But they’ve also said if you don’t feel it, don’t do it. You have to feel the jump to do it right.
Okay, so do I feel it? Or will I hurt myself because I’m tired?

This is what happens when I train alone… Normally, I might have had that conversation with a friend or training buddy, but tonight it was all in my head (don’t hate, you know you do it too). Finally, I decided I wanted to do this for myself. I knew that my body could do it, it was just about the fear. Don’t think, I thought, just jump.

I let myself sit there for a few more seconds as I waited for the line I needed to hear in my new favorite song. Whatever helps, right? The music was slow at first, “…and even though you’re scared, you’re stronger than you know…” then the beat picked up and gave me the last little push I needed as I took off “If you face the fear that keeps you frozen, chase the sky into the ocean, that’s when something wild calls you home…” I soared through the air, landing softly on the balls of my feet. Without hesitation, I transitioned smoothly out of my landing, down onto the sidewalk and jogged off towards the supermarket, a huge smile on my face.

My body knew exactly what it was doing. It was all in my head.



You’d think after flying back from The Netherlands Monday night and then working all week I might’ve wanted to take it easy this weekend… but it’s me so that would just be silly.

First, I convinced my friend to join me for Trampoline Cardio Sunday morning, which is one of my new favorite workout classes. In addition to tramp cardio, I was planning to spend my Saturday training parkour, but then I saw a post on Derek Hough‘s Instagram account about an awesome community fitness event that him and sister, Julianne Hough, were putting on. Elle is going to kill me, I thought, but I tagged her anyways, “Pleeeeeaaaaase can we do this?!” She agreed. (And yes, we still went to tramp cardio the next morning which was painful but worth it!)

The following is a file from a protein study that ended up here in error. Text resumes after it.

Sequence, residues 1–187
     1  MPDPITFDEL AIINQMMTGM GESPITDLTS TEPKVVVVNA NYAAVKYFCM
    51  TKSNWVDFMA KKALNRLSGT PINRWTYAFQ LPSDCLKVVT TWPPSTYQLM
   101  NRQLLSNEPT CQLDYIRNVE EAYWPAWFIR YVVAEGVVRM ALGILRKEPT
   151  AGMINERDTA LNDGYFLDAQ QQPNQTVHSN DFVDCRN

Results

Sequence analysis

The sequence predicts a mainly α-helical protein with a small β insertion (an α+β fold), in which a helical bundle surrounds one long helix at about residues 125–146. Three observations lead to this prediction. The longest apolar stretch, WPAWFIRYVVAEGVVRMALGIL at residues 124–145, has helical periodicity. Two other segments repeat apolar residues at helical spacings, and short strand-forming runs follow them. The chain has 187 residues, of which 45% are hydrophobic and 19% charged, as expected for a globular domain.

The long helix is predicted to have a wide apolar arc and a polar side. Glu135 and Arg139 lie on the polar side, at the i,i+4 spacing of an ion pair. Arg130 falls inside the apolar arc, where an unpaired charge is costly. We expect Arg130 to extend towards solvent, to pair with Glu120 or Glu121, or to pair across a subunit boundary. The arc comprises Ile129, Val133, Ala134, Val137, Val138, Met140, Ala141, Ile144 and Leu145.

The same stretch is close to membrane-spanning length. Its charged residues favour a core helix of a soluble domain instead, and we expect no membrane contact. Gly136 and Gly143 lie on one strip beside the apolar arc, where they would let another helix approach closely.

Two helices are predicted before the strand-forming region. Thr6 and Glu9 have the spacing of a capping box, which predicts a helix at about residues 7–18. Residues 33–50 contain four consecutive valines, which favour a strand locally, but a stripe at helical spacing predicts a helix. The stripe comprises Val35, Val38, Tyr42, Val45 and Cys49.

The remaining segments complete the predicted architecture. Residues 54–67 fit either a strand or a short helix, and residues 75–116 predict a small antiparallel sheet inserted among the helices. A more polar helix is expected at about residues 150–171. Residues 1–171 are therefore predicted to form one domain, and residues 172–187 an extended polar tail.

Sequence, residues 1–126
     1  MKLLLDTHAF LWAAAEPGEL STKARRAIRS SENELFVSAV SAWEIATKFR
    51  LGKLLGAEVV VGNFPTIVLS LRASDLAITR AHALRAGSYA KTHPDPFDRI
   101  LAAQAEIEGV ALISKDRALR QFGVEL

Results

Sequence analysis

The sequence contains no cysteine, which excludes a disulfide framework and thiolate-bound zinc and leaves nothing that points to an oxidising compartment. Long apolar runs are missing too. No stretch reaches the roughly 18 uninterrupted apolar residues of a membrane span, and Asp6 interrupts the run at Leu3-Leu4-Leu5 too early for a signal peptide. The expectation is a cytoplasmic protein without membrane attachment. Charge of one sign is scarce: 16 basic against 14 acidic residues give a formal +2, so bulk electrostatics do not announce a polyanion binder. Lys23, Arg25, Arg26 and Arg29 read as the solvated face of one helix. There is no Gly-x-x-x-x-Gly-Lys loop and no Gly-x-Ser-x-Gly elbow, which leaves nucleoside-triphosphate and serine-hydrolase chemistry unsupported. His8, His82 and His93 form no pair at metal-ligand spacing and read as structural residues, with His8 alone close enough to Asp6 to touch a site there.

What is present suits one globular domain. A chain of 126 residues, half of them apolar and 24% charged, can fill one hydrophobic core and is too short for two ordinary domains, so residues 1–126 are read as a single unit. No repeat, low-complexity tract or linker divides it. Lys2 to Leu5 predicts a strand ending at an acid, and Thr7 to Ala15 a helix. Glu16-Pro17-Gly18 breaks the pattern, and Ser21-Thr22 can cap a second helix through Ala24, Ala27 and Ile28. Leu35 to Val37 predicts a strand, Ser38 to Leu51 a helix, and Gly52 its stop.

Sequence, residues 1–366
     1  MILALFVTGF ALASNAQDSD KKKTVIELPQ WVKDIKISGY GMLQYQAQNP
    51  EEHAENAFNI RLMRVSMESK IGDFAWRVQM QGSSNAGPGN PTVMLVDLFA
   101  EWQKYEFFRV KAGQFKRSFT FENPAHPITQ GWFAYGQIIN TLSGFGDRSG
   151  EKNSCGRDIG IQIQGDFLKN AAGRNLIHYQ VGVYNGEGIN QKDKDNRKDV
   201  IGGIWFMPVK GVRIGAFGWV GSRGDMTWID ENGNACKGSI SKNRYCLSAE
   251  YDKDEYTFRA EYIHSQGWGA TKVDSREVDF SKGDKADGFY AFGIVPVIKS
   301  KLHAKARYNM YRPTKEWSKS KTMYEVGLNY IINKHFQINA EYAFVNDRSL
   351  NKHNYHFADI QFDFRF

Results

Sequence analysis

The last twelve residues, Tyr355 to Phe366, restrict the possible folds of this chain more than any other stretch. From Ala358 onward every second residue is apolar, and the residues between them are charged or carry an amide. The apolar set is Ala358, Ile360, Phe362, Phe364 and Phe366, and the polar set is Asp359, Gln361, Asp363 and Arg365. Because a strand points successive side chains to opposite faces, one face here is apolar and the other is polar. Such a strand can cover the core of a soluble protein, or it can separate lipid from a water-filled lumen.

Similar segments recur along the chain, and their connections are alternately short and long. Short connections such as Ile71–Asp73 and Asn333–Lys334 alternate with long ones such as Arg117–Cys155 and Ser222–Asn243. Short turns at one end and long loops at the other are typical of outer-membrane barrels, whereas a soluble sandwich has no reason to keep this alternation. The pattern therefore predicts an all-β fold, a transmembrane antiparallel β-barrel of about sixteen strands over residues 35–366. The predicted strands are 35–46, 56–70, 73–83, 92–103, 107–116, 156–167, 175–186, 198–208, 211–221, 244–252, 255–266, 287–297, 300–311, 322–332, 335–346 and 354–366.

For those of you who don’t know Derek & Julianne Hough, here’s one of my favorite clips of the incredibly talented dancing siblings:

Amazing, right? So of course I couldn’t wait to go workout with them! These two inspire me so much. I love spontaneous decisions, group workouts, and awesome people so it was kind of a no-brainer.

Elle and I arrived early to register and find parking. There was a good crowd but not too bad – more than 50 but definitely less than 100 I think. The workout started at Pulse Fitness Studio with strength & conditioning, then we ran 2 miles (or ran / walked for 2 miles…) to get to the next workout spot – Just Dance Los Angeles. There, we danced (or tried to find our rhythm / laughed at ourselves) for the rest of the workout.

The strength & conditioning was awesome – challenging, but awesome. We split into two groups because we couldn’t all fit in the studio. I was in the outside group to begin with where we did partner workouts for 30 seconds at a time before rotating to a new station. For example, Partner A holds a plank with legs wide while Partner B does ski jumps in and out of Partner A’s legs.

Inside, we were led by Mark Harari in an ass-kicking group workout with a classic energetic, heart-pumping workout soundtrack. Derek & Julianne sweat it out alongside us, stopping only to run around the room to pump us up, shout words of encouragement, and give us high-fives as we pushed through the workout.